The legislature is also presumed to be aware of the constitutional authority of local boards of education. See GA. CONST. Art. VIII, Sec. V, Paras. I and II.2 With all of these things in mind and intending to correct the problem of a meritorious charter petition that was nevertheless not approved by the local board, the General Assembly may have reasonably concluded that the pre-existing charter school provisions, such as having the local school system oversee the charter school, apply to state charter schools authorized by the State Board of Education pursuant to subsection (d) of O.C.G.A. § 20-2-2064.

Reinforcing that conclusion is the “golden rule” of statutory construction, requiring a court to “follow the literal language of the statute ‘unless it produces contradiction, absurdity or such an inconvenience as to insure that the legislature meant something else.’” Telecom*USA v. Collins, 260 Ga. 362, 363 (1990), quoting Department of Transp. v. City of Atlanta, 255 Ga. 124, 137 (1985) (Clarke, J., concurring). It does not produce an “absurdity” to give meaning to all the terms of the statute and apply the existing provisions of the Charter School Act to the state charter schools. There may be some limited circumstances in which too literal an adherence to this principle might produce an absurdity. For instance, in O.C.G.A. § 20-2-2061(1) the intention of the General Assembly is stated as providing a means for substituting a “performance based contract approved by both state and local boards of education” for state and local rules. Obviously state charter schools will not be approved by a local school board. Instead that intent could be read to include, as a substitute for local approval, the mechanism added by subsection (d) for state approval of meritorious charter petitions. See O.C.G.A. § 20-2-2064(d).

Based on the above general discussion I have concluded that state charter schools are subject to the control and management of local boards. The local school board must treat the state charter no less favorably than the other schools in the district and local school boards must supply local funding except that if a tax levy or bonded indebtedness is required for that funding, it must be approved by a local referendum. In addition, the state charter schools are entitled to federal and state grants on the same conditions as other charter schools. The State Board has been given the power in the Georgia Constitution to promulgate regulations regarding the operation of state charter schools and local boards of education would have to comply.


Are state charter schools subject to the management and control of the local board of education pursuant to Art. VIII, Sec. V, Para. II of the Georgia Constitution? If not, does their creation violate the prohibition against the formation of new independent school systems in Art. VIII, Sec. V, Para. I of the Georgia Constitution?

As discussed above, the Act’s provisions regarding the operation and funding of charter schools should be construed to apply to state charters as well. Thus, the state charter schools are subject to the control and management of the local board of education as the Act requires in O.C.G.A. §§ 20-2-2065 and 20-2-2063(5).


What funds or funding schemes are the state charters granted by subparagraph (d) entitled to? Do they receive state FTE3 funds and other state grant funds, federal funds, and local funds? If they are entitled to these funds, are the funds to be administered through the local board of education where the charter is located or in some other manner?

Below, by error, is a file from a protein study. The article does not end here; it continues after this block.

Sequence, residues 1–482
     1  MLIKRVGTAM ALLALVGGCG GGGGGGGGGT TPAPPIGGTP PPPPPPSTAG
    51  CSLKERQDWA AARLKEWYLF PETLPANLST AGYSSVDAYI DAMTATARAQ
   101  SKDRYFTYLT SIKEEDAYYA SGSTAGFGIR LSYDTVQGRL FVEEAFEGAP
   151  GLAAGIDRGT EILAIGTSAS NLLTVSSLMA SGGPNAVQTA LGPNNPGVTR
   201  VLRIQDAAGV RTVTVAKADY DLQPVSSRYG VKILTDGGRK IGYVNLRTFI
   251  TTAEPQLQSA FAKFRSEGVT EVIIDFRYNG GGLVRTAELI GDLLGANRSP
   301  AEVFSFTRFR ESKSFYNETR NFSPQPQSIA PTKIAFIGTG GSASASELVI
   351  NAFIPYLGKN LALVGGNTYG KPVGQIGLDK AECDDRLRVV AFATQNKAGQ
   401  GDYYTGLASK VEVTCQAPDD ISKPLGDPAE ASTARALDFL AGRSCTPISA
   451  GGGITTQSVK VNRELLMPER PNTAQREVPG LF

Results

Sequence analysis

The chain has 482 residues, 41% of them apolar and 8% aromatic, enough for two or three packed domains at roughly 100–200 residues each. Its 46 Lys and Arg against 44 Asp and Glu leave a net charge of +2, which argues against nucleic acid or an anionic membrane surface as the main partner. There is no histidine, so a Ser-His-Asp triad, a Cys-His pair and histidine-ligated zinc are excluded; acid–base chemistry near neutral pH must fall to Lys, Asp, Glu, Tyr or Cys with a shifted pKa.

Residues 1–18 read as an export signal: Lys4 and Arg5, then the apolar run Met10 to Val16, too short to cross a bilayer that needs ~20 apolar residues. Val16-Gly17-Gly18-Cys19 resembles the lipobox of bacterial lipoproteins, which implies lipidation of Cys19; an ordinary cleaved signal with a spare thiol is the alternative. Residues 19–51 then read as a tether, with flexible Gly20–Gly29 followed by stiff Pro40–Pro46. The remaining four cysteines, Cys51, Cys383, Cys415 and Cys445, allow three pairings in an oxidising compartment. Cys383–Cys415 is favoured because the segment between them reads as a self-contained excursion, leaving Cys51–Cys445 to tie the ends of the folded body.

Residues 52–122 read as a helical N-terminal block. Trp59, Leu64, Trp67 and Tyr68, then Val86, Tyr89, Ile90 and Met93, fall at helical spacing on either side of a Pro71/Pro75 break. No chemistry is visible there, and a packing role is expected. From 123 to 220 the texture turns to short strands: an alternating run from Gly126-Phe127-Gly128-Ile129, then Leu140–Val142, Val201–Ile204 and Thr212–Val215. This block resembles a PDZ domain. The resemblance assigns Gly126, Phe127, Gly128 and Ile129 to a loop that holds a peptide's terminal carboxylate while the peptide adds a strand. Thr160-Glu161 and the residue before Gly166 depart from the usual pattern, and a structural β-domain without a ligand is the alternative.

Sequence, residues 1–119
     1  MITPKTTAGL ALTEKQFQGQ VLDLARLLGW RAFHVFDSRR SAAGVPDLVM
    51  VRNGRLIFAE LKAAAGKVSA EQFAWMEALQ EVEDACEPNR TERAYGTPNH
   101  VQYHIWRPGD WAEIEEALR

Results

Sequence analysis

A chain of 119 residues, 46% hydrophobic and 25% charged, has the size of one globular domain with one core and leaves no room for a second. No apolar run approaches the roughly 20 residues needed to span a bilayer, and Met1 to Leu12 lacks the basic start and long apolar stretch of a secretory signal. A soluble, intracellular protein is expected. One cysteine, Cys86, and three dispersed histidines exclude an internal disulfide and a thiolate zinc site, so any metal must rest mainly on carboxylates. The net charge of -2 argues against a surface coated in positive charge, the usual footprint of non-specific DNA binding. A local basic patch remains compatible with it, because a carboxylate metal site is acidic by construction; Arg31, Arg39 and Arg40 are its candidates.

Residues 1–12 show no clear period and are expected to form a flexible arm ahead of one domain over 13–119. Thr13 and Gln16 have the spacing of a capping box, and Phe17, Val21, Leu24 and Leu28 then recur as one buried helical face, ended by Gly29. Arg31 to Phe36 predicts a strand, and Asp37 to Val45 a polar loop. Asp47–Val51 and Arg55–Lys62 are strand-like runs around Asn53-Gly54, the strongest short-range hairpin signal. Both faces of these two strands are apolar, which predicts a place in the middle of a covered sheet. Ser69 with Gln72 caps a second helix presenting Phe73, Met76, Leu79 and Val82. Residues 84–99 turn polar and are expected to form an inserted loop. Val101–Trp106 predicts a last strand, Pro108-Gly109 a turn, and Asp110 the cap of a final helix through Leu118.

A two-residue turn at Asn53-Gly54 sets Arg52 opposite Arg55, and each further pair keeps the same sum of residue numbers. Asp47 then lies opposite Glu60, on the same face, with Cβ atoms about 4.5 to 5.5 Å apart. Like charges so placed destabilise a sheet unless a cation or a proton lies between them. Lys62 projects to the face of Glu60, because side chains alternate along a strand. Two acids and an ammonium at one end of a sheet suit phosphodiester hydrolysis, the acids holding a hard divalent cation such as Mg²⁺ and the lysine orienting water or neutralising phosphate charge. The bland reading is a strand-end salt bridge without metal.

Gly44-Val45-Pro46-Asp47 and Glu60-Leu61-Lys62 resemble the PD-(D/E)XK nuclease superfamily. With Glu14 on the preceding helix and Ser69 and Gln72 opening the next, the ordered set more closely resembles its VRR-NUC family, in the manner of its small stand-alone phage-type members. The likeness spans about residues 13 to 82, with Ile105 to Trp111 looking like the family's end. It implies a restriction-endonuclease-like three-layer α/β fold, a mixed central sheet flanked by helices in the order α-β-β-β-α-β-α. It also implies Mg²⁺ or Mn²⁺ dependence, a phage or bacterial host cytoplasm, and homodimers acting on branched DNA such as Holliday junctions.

Since the state charters have the benefits of the same statutory provisions as the local charters, they have the same funding schemes as the local charters do. For instance, state charter schools could qualify for special education funding from the federal government pursuant to 20 U.S.C. § 1411 and for various state grants pursuant to O.C.G.A. § 20-2-2068(d).


Are the state charters to be treated “no less favorably” than other local schools as set forth in O.C.G.A. § 20-2-2068? If so, does this include the provision of local funds?

Since all of the existing charter school statutes apply to state charters, O.C.G.A. § 20-2-2068(d) applies and the local system is obliged to treat the state charter school “no less favorably than other local schools located within the applicable school system.” Id.


Must any state charter granted under the provisions of O.C.G.A. § 20-2-2064(d)(1) meet the same requirements and definitions of other charter schools that are set forth in the Charter Schools Act? Can the state board mandate additional requirements for these state charters?

Yes, the state charter must meet the same requirements and definitions as other charter schools in the Charter Schools Act. The local board has constitutional authority to manage and control schools within its system but its authority is limited by the constitutional provision for special schools allowing the General Assembly to “provide for the participation of local boards of education in the establishment of [special] schools under such terms and conditions as it may provide.” See GA. CONST., Art. VIII, Sec. V. Para. VII. Therefore, the General Assembly may invade the constitutional province of the local school board under the aegis of a coordinate constitutional provision.

Prepared by:

Senior Assistant Attorney General

1 “It is contrary to the generally accepted principles for construing statutes to ‘read out’ any part of the statute as ‘mere surplusage’ unless there is a clear reason for doing so.” Porter v. Food Giant, Inc., 198 Ga. App. 736, 738 (1991).

2 This presumption is confirmed by explicit reference to the “control and management” of the local board of education as a required element of the charter petition in O.C.G.A. § 20-2-2063(5). Those exact words are used to describe the authority of a local board over its school system in Art. VIII, Sec. V, Para. II of the Georgia Constitution.

3 “Full-time equivalent.” See O.C.G.A. § 20-2-160(b).